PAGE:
Pardons and amnesty
The President of Iceland has the power to pardon and grant general amnesty at the proposal of a Cabinet Minister. However, the President cannot pardon a Cabinet Minister convicted by the courts of law on the grounds of ministerial accountability except with the consent of the Althing.
Cabinet Ministers are the supreme holders of executive powers, each in his own area. They are each responsible for the affairs of the ministries and administrative affairs falling within their province.
If a Cabinet Minister is unable to address an issue owing to disqualification, absence or for other reasons, the Prime Minister shall entrust the matter to another Minister.
No one may retain the same ministerial post for more than eight years.
Ministers are members of the Cabinet. The Prime Minister shall call meetings of the Cabinet, preside at the meetings and oversee the work of Cabinet Ministers.
Meetings of the Cabinet shall be held to discuss legislative bills and proposals to the Althing, other important political affairs and for consultation on the work and policy affairs of the Cabinet. Meetings of the Cabinet shall also be held at the request of a Cabinet Minister.
The Cabinet shall make joint decisions on important matters or matters of policy pursuant to further provisions of law. A majority of the Cabinet Ministers must be present at the meetings when such decisions are made.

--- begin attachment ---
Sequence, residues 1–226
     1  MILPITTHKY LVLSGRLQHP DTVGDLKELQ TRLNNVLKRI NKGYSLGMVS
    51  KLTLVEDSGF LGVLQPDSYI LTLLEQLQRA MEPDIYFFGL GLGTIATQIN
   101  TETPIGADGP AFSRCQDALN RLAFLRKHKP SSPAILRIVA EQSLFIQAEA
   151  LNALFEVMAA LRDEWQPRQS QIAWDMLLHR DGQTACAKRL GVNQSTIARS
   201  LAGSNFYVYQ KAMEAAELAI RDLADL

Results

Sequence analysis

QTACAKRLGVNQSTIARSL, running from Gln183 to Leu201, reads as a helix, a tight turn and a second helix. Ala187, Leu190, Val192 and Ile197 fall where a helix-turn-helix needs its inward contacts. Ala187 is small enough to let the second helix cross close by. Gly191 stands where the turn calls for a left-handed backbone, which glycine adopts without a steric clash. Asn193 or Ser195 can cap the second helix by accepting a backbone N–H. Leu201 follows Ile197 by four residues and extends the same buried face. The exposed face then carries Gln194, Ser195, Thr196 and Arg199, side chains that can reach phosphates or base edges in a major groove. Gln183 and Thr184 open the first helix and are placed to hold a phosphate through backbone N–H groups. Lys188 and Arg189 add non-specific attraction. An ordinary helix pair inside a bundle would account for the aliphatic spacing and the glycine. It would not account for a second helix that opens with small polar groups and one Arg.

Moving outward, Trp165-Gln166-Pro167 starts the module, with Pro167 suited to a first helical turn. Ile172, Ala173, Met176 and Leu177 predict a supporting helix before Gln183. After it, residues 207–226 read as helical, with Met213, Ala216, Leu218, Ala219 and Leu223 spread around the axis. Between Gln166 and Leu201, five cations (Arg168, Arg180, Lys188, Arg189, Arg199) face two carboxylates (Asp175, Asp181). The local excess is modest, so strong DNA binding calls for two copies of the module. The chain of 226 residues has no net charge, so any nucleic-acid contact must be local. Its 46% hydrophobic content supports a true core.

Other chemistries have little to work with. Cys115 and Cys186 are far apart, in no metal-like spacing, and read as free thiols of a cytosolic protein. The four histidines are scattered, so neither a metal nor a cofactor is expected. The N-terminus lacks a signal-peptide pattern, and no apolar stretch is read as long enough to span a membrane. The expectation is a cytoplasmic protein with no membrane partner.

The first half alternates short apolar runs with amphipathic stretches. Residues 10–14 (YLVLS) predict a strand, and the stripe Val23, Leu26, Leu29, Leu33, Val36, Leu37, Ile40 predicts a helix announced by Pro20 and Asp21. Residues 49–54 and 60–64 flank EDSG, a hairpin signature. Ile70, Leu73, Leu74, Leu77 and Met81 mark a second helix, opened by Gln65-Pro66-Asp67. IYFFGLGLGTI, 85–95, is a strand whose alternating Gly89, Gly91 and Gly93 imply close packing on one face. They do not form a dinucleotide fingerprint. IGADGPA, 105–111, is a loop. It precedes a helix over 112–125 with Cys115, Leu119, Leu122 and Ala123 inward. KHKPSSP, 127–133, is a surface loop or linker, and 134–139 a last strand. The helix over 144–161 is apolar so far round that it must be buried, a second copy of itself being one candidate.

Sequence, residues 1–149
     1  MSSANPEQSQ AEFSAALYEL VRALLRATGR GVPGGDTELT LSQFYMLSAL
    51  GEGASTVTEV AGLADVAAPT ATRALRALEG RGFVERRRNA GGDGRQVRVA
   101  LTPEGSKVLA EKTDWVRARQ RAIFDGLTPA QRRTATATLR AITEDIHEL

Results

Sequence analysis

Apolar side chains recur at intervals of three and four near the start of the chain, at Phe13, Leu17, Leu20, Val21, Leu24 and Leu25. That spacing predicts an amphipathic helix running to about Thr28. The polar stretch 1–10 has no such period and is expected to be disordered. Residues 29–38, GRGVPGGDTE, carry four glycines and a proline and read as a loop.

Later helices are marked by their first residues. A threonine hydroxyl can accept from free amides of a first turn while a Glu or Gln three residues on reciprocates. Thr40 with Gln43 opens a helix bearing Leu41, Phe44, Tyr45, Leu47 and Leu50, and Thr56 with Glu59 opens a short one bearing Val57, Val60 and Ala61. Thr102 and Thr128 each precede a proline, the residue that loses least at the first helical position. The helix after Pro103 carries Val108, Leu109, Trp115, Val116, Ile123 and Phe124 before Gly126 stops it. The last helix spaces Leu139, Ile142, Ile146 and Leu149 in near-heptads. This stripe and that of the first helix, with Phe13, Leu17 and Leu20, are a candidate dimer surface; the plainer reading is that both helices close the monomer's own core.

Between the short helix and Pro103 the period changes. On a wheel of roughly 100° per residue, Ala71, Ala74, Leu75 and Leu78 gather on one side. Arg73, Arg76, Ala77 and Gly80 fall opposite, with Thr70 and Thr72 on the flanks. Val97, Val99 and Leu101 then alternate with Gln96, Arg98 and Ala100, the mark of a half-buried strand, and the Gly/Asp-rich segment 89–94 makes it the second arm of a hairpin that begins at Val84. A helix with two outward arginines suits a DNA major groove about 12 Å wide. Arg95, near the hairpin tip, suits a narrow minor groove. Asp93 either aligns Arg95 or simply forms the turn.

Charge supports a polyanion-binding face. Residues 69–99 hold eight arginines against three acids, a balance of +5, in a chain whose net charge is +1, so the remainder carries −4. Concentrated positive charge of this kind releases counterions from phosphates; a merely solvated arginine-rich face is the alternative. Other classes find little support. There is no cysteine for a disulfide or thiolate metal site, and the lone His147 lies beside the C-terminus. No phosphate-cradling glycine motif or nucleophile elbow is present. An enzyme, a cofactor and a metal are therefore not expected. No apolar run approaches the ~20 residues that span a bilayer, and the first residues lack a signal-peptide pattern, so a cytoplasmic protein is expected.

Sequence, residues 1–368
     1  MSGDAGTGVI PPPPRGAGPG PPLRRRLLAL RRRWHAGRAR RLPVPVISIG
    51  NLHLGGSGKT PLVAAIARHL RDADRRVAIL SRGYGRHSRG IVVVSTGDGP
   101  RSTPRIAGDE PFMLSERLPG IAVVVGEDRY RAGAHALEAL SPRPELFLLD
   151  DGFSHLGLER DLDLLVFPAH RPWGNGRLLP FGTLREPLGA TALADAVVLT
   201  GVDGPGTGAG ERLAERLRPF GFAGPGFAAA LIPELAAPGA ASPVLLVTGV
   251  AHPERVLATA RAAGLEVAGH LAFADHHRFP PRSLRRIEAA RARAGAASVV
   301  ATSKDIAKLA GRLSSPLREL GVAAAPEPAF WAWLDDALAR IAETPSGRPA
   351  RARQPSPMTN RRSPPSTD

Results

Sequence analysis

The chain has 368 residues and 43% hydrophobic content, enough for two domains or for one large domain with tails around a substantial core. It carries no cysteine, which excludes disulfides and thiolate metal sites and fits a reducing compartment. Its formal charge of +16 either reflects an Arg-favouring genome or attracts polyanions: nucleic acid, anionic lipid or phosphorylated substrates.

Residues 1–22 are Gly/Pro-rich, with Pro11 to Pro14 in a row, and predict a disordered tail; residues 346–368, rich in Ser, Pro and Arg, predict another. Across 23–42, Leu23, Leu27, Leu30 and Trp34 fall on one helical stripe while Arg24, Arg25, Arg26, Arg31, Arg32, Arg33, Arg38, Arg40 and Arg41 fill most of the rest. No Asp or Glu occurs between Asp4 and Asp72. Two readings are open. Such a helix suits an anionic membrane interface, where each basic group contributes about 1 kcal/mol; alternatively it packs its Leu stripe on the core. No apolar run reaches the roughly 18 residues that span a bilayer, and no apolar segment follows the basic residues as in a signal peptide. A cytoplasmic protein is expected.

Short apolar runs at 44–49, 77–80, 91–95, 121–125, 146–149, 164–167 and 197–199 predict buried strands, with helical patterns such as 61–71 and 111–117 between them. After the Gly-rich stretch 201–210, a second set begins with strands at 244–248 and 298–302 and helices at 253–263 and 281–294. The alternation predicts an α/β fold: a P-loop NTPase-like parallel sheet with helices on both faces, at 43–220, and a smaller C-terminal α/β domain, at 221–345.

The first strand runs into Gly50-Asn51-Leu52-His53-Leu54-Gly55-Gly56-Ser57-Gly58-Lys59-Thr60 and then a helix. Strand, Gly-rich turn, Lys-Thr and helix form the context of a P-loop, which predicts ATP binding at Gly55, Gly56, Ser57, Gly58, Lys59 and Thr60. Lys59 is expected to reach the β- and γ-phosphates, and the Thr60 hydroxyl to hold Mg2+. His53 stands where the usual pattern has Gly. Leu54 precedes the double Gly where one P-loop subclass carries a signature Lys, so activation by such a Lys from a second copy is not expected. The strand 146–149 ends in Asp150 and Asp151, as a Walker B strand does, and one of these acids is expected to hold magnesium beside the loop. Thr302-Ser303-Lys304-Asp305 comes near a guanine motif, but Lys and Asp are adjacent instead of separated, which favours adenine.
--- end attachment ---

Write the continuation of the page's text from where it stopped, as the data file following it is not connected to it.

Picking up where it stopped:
The Government Offices of Iceland shall be located in Reykjavik.
Registration of interests and public service
A Cabinet Minister is not permitted to undertake any other paid employment while in office. The same applies to work in the interest of private undertakings and public agencies, even if unpaid.
The obligation of Cabinet Ministers to disclose information on their financial interests shall be provided for by law.
Cabinet Ministers and the Althing
Ministers shall introduce legislative bills and motions from the Cabinet, respond to questions and participate in debates in the Althing when called upon, but must observe the parliamentary rules of order.
Cabinet Ministers shall not have voting rights in the Althing.
If a Member of the Althing is appointed to a ministerial post, the Member shall vacate his seat while in office, in which case his alternate shall take his seat.
Formation of government
The Althing shall elect the Prime Minister.
Following consultation with parliamentary parties and Members of the Althing, the President of Iceland shall submit to the Althing a proposal for the post of Prime Minister. The Prime Minister is duly elected if the proposal is passed by a majority of the Althing. Otherwise, the President of Iceland shall make a new proposal in the same manner. If this proposal is not passed, an election shall take place in the Althing between those who are put forward by Members of the Althing, parliamentary parties or the President of Iceland. The candidate receiving the most votes is the duly elected Prime Minister.
If a Prime Minister has not been elected within ten weeks, the Althing shall be dissolved and a new election called.
The Prime Minister shall decide on the organisation of ministries and the number of Ministers and allocate responsibilities among them; however, Ministers shall not be more than ten.
The President of Iceland shall inaugurate the Prime Minister to his post. The President shall release the Prime Minister from his office after parliamentary elections, if a motion of no-confidence is passed or at the request of the Prime Minister. The Prime Minister shall appoint other Cabinet Ministers and release them from their posts.